Why I’m Allergic to Devotionals

At the risk of overstating the case; it sometimes feels as though we get the Christian content out of the way and then our meetings default to an essentially secular way of functioning.

In my world, business meetings tend to follow a similar pattern; the very first item on the agenda is the devotional. There will be a Bible study and a time of prayer and if time allows (and the group is big enough) there may even be a bit of singing. Once the devotional is out of the way, the day’s business proper begins.

Please don’t misunderstand me; I’ve nothing against Bible studies or prayer and despite having a voice like a frog with a sore throat, I think that singing is a good thing, too. However, the concept of the devotional at the start of the meeting does bother me.

Let me explain.

The problem is not what we do during the devotional time, it is that we end up drawing an artificial distinction between the spiritual aspect of our work and the everyday business that we have to deal with. All too often, once the devotional is out of the way, the meeting makes no reference to the things that were raised during the time of prayer and meditation. I recall one meeting where we started with an excellent devotional talk on the subject of listening to God; at no point in the ensuing meeting did we actually consider what listening to God might mean for the business of the day.

At the risk of overstating the case; it sometimes feels as though we get the Christian content out of the way and then our meetings default to an essentially secular way of functioning.

Yesterday, I highlighted the way in which Tim Chester looked at a common problem in contemporary mission work through the lens of Scripture, rather than through management theory or strategic planning. I believe that one of the reasons that we find it difficult to follow Tim’s example is that our management and business meetings tend to have the devotional-business divide. We’ve not learned how to meditate on Scripture as part of our approach to work problems.

I’m not exactly sure how we change things, but I would love to see business meetings that had a much more integrated approach to spiritual life and business life.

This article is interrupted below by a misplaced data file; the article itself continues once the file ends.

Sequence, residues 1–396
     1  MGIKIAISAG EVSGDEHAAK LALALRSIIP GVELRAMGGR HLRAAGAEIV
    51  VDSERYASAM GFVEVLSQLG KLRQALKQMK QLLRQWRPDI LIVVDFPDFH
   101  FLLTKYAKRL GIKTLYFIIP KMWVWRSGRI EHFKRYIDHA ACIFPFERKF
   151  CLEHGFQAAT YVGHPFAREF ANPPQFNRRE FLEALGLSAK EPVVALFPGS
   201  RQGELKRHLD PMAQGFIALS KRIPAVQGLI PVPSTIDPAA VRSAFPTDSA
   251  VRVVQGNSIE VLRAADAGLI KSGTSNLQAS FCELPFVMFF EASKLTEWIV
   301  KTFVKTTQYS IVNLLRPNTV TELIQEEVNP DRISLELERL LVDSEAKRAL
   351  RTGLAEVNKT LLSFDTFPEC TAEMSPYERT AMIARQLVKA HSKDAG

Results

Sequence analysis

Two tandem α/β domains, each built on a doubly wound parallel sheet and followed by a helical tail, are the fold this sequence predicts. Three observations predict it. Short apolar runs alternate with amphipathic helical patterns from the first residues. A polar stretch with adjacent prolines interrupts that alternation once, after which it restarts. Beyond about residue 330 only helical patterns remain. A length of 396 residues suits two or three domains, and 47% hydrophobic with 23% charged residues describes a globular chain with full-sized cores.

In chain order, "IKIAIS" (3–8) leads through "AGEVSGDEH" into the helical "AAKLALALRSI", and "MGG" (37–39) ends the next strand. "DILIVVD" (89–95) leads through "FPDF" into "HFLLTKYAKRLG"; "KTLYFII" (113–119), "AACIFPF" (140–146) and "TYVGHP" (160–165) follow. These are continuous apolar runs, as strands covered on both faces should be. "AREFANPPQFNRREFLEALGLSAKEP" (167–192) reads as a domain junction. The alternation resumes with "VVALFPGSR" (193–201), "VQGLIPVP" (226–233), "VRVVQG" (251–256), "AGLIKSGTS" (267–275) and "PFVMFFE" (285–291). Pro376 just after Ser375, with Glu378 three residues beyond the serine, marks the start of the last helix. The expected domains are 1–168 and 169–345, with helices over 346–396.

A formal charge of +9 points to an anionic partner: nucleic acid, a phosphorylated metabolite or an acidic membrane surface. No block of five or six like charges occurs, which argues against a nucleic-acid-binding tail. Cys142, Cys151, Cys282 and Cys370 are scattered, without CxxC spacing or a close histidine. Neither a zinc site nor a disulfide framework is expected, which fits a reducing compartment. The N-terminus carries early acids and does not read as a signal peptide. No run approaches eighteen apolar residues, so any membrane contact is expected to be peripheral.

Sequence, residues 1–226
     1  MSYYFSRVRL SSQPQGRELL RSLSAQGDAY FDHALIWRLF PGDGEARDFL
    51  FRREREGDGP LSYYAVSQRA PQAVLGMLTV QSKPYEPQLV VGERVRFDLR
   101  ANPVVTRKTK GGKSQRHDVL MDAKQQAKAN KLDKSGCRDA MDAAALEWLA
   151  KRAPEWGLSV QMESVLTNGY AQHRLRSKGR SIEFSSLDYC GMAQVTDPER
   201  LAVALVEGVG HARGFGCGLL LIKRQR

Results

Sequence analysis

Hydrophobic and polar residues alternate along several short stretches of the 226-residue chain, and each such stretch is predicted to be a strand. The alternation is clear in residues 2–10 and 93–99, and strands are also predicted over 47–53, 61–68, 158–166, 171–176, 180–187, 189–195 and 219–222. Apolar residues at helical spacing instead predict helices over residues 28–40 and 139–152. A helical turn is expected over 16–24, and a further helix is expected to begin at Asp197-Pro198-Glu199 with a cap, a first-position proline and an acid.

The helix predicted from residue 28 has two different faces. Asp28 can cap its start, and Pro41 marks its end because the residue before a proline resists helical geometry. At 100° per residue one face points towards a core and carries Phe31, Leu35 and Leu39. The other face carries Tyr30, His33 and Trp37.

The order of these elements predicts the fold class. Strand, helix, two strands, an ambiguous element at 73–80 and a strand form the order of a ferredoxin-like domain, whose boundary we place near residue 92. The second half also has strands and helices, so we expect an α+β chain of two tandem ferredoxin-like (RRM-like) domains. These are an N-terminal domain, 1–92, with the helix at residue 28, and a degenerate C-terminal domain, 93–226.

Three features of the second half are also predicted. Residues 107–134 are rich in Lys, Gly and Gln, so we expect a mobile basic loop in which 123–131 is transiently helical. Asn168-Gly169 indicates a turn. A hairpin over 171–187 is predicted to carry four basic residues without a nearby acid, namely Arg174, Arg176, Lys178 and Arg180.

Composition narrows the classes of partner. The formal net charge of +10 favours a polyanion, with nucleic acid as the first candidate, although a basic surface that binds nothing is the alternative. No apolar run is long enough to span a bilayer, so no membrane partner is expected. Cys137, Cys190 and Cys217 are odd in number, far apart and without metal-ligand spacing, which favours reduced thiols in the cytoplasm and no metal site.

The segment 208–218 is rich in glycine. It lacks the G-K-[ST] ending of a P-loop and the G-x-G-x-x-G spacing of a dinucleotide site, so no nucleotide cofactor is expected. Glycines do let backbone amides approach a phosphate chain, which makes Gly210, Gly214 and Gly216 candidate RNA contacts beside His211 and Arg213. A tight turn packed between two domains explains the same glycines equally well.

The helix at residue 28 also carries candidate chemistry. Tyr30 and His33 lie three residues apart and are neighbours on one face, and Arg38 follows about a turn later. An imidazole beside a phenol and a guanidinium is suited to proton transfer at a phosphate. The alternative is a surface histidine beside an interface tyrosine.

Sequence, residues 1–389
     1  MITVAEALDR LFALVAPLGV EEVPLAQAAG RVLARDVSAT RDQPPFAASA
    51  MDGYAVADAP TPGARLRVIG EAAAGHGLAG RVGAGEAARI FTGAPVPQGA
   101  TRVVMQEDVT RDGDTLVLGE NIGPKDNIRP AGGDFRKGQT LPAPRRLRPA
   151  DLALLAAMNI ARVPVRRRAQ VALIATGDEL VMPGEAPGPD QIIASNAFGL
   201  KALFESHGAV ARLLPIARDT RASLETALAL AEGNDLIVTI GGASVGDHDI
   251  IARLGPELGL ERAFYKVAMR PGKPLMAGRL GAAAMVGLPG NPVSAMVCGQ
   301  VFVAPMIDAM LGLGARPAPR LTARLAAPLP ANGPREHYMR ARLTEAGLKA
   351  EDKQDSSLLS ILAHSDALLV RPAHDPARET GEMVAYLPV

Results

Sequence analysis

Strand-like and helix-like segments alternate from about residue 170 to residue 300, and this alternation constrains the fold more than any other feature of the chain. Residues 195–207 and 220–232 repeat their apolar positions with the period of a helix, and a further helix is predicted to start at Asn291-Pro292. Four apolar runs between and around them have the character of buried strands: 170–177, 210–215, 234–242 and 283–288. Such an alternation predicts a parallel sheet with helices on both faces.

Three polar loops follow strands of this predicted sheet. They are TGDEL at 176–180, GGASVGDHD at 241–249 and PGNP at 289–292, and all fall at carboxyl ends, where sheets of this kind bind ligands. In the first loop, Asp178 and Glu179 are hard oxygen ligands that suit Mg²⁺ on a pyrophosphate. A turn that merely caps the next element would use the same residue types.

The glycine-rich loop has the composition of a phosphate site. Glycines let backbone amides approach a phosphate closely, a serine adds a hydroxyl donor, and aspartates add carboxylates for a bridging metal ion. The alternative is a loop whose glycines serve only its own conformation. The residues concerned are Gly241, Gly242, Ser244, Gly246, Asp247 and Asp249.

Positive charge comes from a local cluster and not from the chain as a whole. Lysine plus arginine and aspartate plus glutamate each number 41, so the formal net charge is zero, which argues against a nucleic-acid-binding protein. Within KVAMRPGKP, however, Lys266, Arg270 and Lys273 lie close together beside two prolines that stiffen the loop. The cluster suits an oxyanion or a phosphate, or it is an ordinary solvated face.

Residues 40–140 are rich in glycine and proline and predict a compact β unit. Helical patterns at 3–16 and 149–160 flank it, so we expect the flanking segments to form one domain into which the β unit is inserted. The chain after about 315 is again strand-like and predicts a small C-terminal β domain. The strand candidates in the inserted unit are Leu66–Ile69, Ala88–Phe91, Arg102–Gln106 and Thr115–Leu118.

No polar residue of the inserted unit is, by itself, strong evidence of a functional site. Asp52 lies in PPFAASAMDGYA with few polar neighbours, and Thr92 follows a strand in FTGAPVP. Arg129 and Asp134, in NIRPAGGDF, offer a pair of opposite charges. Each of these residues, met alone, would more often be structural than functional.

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3 replies on “Why I’m Allergic to Devotionals”

Rather than struggle on with an intractable problem, what about stopping to pray (however briefly) about it before deferring action. That one step means that ongoing private deliberation starts from a positive rather than a negative base.

That’s a shame. One of the things I loved about working in INF Nepal was that the governance & management meetings not only started with prayer, but would be regularly punctuated with prayer. Whoever is chairing the business of the meeting should reflect back the subject of the devotion at relevant points in the agenda.

Each year we had an INF Council retreat, and things which we felt that we heard from the Lord in that day became part of the agenda, with someone specifically holding us to account for progress against them during the following few (quarterly) meetings. Similarly, the same council member “minuted” what was spoken out during the ‘devotions’ at the start of annual members meetings, and we considered whether those things were actually ‘words from the Lord’.

I’m not saying INF was perfect, but this was always one of its great aspects to me. We began a similar approach among the UK trustees too.

‘I hear you brother’ and what you wrote makes total and perfect sense. Praying this pebble dropped into the lake will not just sink but will create some fantastic ripples! Bless you.

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